Mance could remember all of their faces now. But the four men who had once been his brothers were dead, and Mance had no choice now but to hope the wildlings would pity him enough to let him join their ranks. Perhaps they would simply try to kill him for being a crow. Maybe this warg the Lord of Bones called Sixskins would unleash his throng of beasts upon him and devour his flesh. Nevertheless, Mance was out of options. He had hoped that Rattleshirt did not want to kill him, but Mance did not trust him.
The day was coming to an end, and the sun was beginning to set behind the thick canopy of the Haunted Forest. Orange rays of sunlight scattered about the floor of the forest as the trees blew in the brisk air. After fleeing Craster’s Keep, Mance had run his horse until he was forced to stop due to the darkness. He did not want to lose his horse to a broken leg, and the moon was far too new to provide him with ample light to navigate the dense forest. The air was thick with moisture and the smell of rain came drifting on the wind. He would soon need to stop for the day and find shelter from the oncoming showers.
Mance found a large birch tree that had fallen long ago and decided it as good a place as any to make his camp for the night. He walked his horse to the tree and tied him up, removing a small hatchet from a saddlebag. With it, he quickly severed a number of branches from a nearby fir tree and laid the thick branches against the fallen tree, forming a small shelter. He unrolled a thick fur sleeping mat and placed it under the shelter alongside the rest of his supplies. Mance glanced over his dwindling supplies, removing the small jug of sour cider and what remained of the stringy jerky before sitting down on the furs. He removed the cork with his teeth, took a long sip, and retched a piece of jerky free from his hand.
The woods became eerily silent as he sat on the cold ground and surveyed the landscape. This far into the Haunted Forest and it was easy to see why men were so afraid of it. Birch trees reached upwards toward the sky all around where Mance sat. The pale white trees were so close together that navigating them seemed almost impossible at times, and the black spots that flecked the birch trees seemed to twist and form bizarre, frightening shapes. Mance closed his eyes and heard the sounds of his horse shuffling about in search of any green grass or moss that might be sprouting up around the base of the trees. He could also hear the gentle sounds of the trees scraping against one another, and the leaves rustling in the wind.
It was almost as if he could hear them whispering to him, reassuring him that what he was doing was right.
“Leaving the Night’s Watch is the right decision,” Mance reassured himself aloud.
When he found himself in total silence such as this, Mance always began to crave music, but the lute that he had taken with him from the Shadow Tower was split nearly in two when the arrow struck him days ago after he was attacked by Rattleshirt’s warband. He cursed his luck and pushed himself to his feet.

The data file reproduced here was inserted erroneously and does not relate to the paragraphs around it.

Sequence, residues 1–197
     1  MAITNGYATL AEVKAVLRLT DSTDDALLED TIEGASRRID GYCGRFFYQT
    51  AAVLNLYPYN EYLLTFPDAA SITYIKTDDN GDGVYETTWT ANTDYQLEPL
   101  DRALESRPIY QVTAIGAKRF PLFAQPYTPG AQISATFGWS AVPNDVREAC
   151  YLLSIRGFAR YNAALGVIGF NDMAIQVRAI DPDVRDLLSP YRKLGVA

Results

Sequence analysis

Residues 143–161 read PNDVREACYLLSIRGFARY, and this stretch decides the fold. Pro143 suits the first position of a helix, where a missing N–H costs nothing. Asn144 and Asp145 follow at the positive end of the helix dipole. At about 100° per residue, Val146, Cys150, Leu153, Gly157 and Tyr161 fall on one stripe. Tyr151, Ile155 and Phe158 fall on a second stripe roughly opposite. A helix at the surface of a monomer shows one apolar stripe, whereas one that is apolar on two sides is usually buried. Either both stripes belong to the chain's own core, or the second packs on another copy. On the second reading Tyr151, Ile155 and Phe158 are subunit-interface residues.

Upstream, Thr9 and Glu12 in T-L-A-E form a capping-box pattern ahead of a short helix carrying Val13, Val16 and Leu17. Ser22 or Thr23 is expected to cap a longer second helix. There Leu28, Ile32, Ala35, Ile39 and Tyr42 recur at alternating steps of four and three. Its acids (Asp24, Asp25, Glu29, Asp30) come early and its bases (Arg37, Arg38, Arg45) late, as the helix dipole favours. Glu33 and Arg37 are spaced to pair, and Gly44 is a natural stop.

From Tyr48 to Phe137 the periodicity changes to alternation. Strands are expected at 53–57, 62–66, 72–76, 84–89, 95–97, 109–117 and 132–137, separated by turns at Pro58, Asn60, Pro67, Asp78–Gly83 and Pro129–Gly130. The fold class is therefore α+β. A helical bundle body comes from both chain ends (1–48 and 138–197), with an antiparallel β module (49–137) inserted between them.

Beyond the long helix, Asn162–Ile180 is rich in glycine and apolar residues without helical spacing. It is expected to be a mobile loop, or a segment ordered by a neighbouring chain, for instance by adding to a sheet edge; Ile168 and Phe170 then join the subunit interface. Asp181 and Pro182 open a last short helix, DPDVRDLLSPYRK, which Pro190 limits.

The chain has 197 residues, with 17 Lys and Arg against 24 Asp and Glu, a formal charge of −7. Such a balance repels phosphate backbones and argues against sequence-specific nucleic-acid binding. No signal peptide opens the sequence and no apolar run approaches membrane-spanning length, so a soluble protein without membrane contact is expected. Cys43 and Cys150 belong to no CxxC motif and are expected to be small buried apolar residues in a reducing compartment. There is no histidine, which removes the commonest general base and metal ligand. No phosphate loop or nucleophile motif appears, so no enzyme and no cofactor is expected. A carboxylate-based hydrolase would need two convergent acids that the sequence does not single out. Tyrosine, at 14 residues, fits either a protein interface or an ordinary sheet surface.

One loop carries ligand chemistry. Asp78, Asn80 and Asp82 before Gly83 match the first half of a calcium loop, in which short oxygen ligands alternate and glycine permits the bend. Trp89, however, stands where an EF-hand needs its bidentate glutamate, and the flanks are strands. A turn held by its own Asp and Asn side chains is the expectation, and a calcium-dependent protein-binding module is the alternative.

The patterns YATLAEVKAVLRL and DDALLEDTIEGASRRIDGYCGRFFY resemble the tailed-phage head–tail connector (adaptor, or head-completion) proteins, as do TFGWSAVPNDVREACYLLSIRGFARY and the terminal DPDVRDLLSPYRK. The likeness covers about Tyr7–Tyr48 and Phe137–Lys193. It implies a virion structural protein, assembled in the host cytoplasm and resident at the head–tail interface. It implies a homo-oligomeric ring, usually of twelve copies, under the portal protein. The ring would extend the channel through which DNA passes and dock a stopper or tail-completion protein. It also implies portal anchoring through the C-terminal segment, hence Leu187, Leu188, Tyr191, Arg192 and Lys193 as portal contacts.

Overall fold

This rain will mean a cold wet night indeed.
The rain that was coming soon would mean firewood would be scarce in the coming days, but a fire would be a risky since it gave away his position. However, the warmth it would provide combined with the ability to dry his cloak and gear after the showers had passed was tempting.
Mance reached up and scratched his jaw, toying with the decision to build a fire. The thought of potentially attracting wolves, wildlings, rangers, shadowcats, or any other threat ultimately deterred him from a fire.
The sun had almost set by the time Mance had finished setting up his small camp, and long fingers of darkness were stretching out across the forest, pulling what remained of the sunlight with them into the night. In the distance, he could hear the sounds of the night. Wolves could be heard howling at the young moon, and the nightly tune of the crickets was beginning to spring up all around the surrounding woods.
Sleep came uneasily that night. Mance struggled to find any comfort in the shoddy lean-to that he had built, and the rains had drenched his clothing in just a short few hours.
At least the rain drowned out the more disturbing sounds of the Haunted Forest, though being drenched was hardly worth that small benefit.
The rains continued to fall throughout the night, keeping him in a light state of sleep. Mance awoke several times that night with the feeling that someone was near, watching him sleep, and waiting to strike at a moment of weakness.
I will not let them surprise me. I will not let them catch me and hang me for a deserter, and any beast in these woods will not slay me.
Through the rain, Mance could faintly make out the sounds of footsteps. He sat up on his bedroll straining to find where the sound was coming from as he hopelessly scoured the thick birch forest with his eyes. The sun was still an hour from rising, but a dim early morning light was just beginning to illuminate the black of the night. Mance closed his eyes, and listened deeply to the woods. The footsteps were getting louder, and now he could pinpoint their exact location.